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Clare, Family Solicitor
Category: Family Law
Satisfied Customers: 35065
Experience:  I have been a solicitor in High Street Practise since 1985 and have specialised in Family Law for the last 10 years
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My son and partner are splitting up. They have an equal share

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My son and partner are splitting up. They have an equal share in the house. He has a 14yr old son with Aspergers; they have a 4yr old son. She says she can seek more than half the equity in the house. I can buy her half so my autistic grandson can stay in his home. I can't afford more. Can she expect more than half the equity?

Thank you for your question.
My name is Clare
I will do my best to help you but I need some further information first.
How much is the house worth and how much is outstanding on the mortgage?
What arrangements will be made regarding the care of the 4 year old?
How much do they each earn?
Customer: replied 3 years ago.

The house is £360k now. Son put in half of purchase price 4 yrs ago. Tracey put in £50k interest only mortgage and put in remainder.

Plan: simultaneous solicitor-led transfer of Tracey's title to son, we pay her half value of houseand she pays off the mortgage. She will take son nearer work. Son will pay £27 pw required legally but will add £23 to help with child care in holidays. He earns little as you see from maintenance. She's working 3 days a week psychotherapist - was on £35k full time. Son's boy Jack is 14 just going into GCSEs and needs stability and staying in his home. Tracey is buying a 3 bed house she admits she can barely afford. It needs repointing, sorting collapsing kitchen ceiling. She wanted son to pay his offered £23 extra a week in an up front amount ie 14 years' worth = £16,744. He doesn't have that kind of money but because she's buying a house that's a bit beyond her means, she wants it somehow. We're an honest, straightforward family and practical. We can see the solution: buy a 2 bed house and work your way up. Help, please.

is there a Declaration of trust setting out the fact that she alone will be responsible for paying off the mortgage?
How much would a two bedroom property cost to buy and were they ever married?
Customer: replied 3 years ago.

No, the mortgage is in both names, the only way it could be taken out. Our property solicitor will ensure it is paid off via him, he will hold the money and release the remainder to her once it is paid off.

Not married.

I tried to keep out of their arrangements till now but I think she's buying at around £220-£225k. There would be cheaper 2 bed houses at about £190-£200k. Her actual need is a bedroom for her and one for Charlie but she wants (naturally) something larger with a garden.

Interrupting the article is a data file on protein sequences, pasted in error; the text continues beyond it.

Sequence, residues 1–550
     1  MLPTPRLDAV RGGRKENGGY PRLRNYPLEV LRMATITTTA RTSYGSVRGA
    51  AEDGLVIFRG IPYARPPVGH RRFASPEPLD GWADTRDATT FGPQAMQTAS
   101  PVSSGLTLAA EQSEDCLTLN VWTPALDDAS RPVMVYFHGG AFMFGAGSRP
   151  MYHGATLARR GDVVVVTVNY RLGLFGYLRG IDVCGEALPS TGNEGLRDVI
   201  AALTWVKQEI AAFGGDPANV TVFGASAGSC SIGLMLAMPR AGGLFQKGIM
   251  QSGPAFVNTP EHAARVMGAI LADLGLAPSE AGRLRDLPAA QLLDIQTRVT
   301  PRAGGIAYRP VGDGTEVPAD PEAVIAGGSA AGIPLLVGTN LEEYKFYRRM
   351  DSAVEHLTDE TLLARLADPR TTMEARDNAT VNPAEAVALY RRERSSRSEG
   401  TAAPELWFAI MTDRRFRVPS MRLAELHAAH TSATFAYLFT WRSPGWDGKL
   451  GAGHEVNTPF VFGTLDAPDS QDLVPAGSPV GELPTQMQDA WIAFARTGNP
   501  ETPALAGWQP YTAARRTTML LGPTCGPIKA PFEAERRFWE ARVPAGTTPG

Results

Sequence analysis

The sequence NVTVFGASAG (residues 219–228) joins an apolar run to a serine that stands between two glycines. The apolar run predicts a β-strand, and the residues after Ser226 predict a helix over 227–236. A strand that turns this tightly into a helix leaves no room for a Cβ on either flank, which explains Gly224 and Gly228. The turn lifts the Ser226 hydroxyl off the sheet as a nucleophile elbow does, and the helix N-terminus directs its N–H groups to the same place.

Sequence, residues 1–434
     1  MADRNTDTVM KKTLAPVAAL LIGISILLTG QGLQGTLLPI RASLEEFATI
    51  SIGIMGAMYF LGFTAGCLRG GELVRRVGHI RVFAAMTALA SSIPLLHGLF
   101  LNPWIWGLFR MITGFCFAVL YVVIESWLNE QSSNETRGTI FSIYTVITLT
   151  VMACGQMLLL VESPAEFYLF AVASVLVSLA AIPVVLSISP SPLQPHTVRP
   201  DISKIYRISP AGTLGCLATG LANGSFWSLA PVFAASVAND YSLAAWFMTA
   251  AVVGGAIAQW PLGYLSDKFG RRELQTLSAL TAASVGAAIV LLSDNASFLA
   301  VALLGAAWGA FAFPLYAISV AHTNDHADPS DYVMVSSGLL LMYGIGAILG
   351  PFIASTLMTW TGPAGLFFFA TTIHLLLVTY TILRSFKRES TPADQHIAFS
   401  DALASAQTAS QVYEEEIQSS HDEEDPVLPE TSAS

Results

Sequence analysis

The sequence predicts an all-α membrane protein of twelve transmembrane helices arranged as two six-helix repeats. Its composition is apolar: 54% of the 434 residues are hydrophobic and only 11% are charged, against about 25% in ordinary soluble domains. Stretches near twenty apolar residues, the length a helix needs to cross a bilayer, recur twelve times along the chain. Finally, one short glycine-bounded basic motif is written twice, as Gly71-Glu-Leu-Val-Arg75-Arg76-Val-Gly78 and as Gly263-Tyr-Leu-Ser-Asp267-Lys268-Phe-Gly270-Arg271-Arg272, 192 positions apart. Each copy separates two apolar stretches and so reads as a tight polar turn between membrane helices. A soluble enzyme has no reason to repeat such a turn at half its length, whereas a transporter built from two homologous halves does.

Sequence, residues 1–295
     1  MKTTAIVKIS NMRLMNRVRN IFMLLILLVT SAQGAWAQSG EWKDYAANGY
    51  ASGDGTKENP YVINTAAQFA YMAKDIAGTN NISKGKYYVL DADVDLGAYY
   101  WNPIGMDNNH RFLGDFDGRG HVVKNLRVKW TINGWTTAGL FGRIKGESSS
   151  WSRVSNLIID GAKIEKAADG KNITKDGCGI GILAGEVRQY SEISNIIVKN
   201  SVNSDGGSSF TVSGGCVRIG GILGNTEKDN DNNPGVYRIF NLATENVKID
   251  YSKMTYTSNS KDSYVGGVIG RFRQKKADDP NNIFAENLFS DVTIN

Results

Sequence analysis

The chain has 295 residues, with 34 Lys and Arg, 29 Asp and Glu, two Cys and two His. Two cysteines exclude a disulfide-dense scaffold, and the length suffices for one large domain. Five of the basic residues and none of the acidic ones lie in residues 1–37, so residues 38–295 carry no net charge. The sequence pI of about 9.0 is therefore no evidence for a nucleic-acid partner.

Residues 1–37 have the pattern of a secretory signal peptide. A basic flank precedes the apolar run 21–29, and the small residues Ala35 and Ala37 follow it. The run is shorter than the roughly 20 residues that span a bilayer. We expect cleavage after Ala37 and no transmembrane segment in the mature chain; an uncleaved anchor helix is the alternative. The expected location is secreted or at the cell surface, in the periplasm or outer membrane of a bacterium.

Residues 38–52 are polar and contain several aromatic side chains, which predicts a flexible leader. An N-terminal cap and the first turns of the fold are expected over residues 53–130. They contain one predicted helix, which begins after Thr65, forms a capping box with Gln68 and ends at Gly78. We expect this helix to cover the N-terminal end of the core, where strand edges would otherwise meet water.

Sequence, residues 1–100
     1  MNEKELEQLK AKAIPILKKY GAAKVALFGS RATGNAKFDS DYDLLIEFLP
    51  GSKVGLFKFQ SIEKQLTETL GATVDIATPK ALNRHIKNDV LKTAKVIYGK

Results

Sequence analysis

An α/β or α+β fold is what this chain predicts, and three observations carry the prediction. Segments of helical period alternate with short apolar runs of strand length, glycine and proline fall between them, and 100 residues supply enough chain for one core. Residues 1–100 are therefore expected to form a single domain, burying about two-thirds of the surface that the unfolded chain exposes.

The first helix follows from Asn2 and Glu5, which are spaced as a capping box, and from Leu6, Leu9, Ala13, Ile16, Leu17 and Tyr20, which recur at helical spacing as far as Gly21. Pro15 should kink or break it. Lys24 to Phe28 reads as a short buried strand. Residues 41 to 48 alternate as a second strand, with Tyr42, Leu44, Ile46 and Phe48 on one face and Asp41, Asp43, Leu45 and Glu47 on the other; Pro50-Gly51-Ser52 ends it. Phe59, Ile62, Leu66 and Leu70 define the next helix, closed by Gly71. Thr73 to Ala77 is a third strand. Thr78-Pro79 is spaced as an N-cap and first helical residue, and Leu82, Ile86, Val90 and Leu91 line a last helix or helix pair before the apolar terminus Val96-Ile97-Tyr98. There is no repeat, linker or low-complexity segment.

I'm writing Clare, because my son is severely dyslexic. Jack is too and dysgraphic! They are both finding this very difficult because they like life to be straightforward, especially Jack of course.

I appreciate that the mortgage had to be in joint names - but was there a separate written agreement between them that the mortgage would be paid from her share of the equity alone?
Customer: replied 3 years ago.

no, verbal, because by buying her share she could move faster and more easily and have £125k+ cash. It was Tracey's mortgage, always seen as hers, my son's name being a mtge co obligation, nothing more. She always paid the interest, my son had nothing to do with it therefore the intention was always clear. Tracey agreed to all of this and we set up the expected transfer of title/land registry, the repayment of the mortgage and her cash payment. She found a house, we awaited instructions to pass £175k to our solicitor to hold - no exchange has taken place so far. Now she's discovered she's been over-ambitious re the house and wants more money.

His ex is referring to the fact that your son is under a duty to help her house his child until the child is 18.
That COULD have mean that his ex would receive a larger share of the equity - with the extra being repayable when the child is 18.
HOWEVER in these circumstances there is another child to consider and from what you have said the amount that she will receive would be sufficient for a two bedroom property in any event.
On no account should your son pay any maintenance in advance as has been suggested - such an agreement is not legally binding and he could find himself paying again
The only real risk is that there was no written agreement confirming that the mortgage is the responsibility of his ex alone
Please ask if you need further details
Clare and other Family Law Specialists are ready to help you
Customer: replied 3 years ago.

Thank you very much Clare for your help. My rating was due to the fact that it took several occasions to answer questions which perhaps could have been asked in one go.


That is fine.
Sadly experience with others shows that asking them all at once can mean ask questions that turn out not to be relevant - and not asking those that are!